Emergency Survival Food Supply 275 Meal Pack

I came across the Emergency Survival Food Supply 275 Meal Pack the other day and it got me to thinking about all manner of things. Self sufficiency is one thing but I wonder what would happen if there was no access to the shops for a few weeks. Maybe some form of a backup plan is on order.

Here is the link to the product in question

Emergency Survival Food Supply 275 Meal Pack

As you can see it is pretty cheap, actually a lot cheaper than I would have imagined. The product itself is a bucket full of food that needs to be re-hydrated to eat. There is a fair bit of variety in the meals although it does appear from the reviews and comments that it may not be the tastiest food in the world. But we are talking about survival here not gourmet dining.

Do We Need To Have Emergency Food

I am in somewhat of a quandary about the issue to be honest. I am not one to get too concerned about world events if I am honest, but some things are a bit of a worry. Rioting in the UK, the US in dire financial straits, and all manner of problems make you wonder about what would happen in the future.

Emergency Survival Food Supply 275 Meal PackIt seems that the simplest thing can turn in to a major event that disrupts people’s lives and turns what were once respectable people in to mobs that think going out and shoplifting a big bag of rice is perfectly acceptable, and has a point, I might add.

So, should we buy a big bucket of dried food just in case the world suddenly goes bonkers?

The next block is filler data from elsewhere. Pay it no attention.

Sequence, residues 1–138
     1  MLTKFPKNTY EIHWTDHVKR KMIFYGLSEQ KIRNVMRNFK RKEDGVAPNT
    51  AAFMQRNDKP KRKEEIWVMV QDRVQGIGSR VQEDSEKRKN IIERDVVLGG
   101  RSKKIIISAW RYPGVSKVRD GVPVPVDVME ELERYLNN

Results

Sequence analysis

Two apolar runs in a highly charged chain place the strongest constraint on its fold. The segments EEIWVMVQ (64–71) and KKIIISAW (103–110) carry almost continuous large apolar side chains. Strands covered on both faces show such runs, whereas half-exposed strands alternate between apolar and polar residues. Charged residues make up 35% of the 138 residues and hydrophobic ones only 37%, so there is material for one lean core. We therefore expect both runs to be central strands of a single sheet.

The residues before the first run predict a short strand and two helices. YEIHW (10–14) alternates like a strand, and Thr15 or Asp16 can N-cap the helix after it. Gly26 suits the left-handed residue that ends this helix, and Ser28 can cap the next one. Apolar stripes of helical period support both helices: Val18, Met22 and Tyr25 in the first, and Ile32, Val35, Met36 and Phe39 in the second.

I honestly don’t know.

If I think about what we have in the cupboards then I know that we would be fine for a few weeks but we don’t really have enough tinned and canned goods to last for more than that.

Storing Food

To store enough food to take care of a family for weeks or months would be no easy thing. The amount of tins and jars would be nightmarish and take up a huge amount of space. Dried food is obviously not going to take up anywhere near as much space and is certainly an easy option.

The emergency survival food supply I came across does seem like a good idea if you want to be ready for the worst and be able to eat, albeit not the tastiest food. But if it stops you from starving while the Zombies are out attacking anything that breathes then I guess fine dining is not going to be at the fore in your mind.

Trying to figure out how to get the axe out of the shed will probably be first in your mind!

I really am in two minds about the whole thing. There are so many survivalist sites out there talking about the impending collapse of the Western world which I simply do not buy into.

But the other half of me thinks that a simple bucket full of grub for an emergency such as an earthquake, hurricane, other natural disaster, the rise of the Zombies or the breakdown of the monetary system itself may not be a half bad idea.

Bucket of dried Cacciatore anyone?

I have no idea what that is by the way 😉

What do you think?


17 Responses to “Emergency Survival Food Supply 275 Meal Pack”

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  1. I totally agree with you. Mostly about the not knowing thing.

    On one hand, I would love to think that I can take care of my family for weeks or months with the food we have stored and canned.

    On the other hand, I just don’t see how I can make the logistics of it work out.

    Mostly I fear for monetary collapse which will make food very expensive and in that case I try to get better at growing our own food and saving the seeds for the next year, but even that is a stretch.